November 2010, Volume 32, Number 4 New Mexico Geology 111 Figure 12—Photos of Cretaceous outcrops at Cerro de Cristo Rey. Formation. Divisions of measuring stick = 0.25 m. D—Base of Del Rio A—Outcrops of Mojado Formation overlying Mesilla Valley Forma- Formation on Mojado Formation (Figs. 11 and 13). E—Overview of Buda tion (Fig. 10). B—Characteristic crossbedded sandstone of Mojado Formation measured section (Fig. 14). F—Contact of Buda and Mancos Formation. C—Dinosaur footprints (ornithopod tracks) in Mojado Formations at measured section (Fig. 15).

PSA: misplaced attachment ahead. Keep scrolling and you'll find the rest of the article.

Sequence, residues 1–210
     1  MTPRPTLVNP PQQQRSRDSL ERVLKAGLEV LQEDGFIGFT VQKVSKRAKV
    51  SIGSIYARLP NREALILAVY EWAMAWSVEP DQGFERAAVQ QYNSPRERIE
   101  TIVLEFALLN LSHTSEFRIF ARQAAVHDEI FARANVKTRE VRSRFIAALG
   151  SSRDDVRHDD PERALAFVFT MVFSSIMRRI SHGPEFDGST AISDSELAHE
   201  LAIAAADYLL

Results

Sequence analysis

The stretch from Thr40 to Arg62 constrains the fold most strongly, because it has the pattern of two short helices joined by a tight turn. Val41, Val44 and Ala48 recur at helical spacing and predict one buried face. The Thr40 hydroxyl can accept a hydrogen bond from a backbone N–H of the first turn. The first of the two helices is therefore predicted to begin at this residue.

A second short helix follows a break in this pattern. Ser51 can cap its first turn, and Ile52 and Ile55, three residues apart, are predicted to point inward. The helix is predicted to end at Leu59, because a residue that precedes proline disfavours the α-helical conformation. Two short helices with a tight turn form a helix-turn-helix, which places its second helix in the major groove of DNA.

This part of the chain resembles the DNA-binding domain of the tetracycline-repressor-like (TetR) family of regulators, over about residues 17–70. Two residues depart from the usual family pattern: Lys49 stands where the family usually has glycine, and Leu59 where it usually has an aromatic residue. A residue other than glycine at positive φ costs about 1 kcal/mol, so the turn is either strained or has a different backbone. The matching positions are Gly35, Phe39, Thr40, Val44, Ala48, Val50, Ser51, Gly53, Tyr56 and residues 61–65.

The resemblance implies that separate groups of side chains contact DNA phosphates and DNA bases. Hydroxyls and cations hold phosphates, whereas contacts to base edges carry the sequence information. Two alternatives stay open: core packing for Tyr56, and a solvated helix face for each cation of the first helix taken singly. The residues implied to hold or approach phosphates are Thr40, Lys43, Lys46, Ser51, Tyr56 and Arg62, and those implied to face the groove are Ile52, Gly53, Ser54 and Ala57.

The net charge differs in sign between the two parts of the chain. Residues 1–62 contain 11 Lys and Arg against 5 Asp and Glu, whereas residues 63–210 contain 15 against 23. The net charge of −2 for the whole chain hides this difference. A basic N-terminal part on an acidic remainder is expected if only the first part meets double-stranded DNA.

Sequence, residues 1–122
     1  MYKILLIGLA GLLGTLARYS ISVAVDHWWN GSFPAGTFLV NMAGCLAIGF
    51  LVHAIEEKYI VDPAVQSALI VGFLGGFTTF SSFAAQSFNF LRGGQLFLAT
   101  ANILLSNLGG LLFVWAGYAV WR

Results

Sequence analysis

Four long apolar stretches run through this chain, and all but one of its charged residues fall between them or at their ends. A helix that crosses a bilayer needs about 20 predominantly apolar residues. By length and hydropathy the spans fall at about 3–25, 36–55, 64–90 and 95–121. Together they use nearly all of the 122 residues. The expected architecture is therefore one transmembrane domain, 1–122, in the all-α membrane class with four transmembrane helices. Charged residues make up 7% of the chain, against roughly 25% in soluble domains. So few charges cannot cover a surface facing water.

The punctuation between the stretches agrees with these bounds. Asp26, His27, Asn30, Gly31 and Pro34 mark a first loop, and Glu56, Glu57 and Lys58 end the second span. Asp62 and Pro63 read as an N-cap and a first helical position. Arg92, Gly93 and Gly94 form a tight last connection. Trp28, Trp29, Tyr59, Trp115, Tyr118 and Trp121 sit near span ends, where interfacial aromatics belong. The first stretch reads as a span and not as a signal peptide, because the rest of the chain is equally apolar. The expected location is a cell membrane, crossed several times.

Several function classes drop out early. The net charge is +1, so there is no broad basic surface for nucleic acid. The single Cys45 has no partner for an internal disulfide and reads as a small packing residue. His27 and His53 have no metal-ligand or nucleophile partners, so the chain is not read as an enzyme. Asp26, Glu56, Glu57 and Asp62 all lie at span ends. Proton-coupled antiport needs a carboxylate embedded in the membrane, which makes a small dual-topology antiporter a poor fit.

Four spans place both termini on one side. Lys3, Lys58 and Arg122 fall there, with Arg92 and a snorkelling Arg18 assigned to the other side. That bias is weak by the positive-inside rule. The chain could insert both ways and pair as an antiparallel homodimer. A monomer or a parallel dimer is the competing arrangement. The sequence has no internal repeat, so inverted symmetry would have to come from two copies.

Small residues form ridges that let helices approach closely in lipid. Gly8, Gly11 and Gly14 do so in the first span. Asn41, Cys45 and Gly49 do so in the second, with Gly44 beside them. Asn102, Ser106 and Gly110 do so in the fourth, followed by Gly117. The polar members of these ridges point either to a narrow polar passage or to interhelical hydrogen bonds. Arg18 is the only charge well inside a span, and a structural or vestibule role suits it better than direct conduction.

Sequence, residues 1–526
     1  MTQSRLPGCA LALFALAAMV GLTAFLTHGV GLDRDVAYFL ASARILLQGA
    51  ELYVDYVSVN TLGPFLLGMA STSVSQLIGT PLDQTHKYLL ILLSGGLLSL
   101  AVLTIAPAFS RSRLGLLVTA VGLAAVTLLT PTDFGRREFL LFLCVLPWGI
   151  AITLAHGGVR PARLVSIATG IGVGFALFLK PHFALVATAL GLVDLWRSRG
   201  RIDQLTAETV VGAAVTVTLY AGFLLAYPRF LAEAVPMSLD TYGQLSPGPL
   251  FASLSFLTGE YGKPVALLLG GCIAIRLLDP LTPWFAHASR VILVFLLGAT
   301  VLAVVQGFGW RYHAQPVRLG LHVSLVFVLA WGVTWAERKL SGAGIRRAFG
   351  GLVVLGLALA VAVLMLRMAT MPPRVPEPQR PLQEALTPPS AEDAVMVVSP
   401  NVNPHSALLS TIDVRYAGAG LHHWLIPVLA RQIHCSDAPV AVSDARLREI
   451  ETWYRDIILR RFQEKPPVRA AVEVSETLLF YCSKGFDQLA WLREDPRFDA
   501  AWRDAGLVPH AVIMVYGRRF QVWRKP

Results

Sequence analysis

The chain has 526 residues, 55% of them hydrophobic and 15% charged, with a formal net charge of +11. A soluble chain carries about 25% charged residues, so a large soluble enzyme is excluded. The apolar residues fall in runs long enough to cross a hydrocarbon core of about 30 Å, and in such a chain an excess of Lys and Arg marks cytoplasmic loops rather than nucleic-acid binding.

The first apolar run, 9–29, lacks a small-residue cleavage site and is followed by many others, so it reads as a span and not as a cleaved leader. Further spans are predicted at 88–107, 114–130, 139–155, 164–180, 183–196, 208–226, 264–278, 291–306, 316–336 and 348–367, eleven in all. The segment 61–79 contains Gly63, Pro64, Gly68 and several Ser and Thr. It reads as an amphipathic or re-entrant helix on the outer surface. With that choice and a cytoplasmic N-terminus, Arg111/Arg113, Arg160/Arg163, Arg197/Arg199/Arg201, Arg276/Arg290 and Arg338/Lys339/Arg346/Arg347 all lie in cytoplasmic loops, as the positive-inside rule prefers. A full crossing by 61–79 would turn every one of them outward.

Depositional environments shale-dominated strata are relatively deep- limestone of the middle-upper Muleros er marine deposits (though still shallow), (Fig. 9) suggest shallow, carbonate shelf Muleros strata also demonstrate an appar- whereas Texigryphaea packstones and inter- deposition with some coarse clastic influx ent upward-shallowing trend. Thus, lower, calated bioturbated limestones and sandy (cf. Turnšek et al. 2003).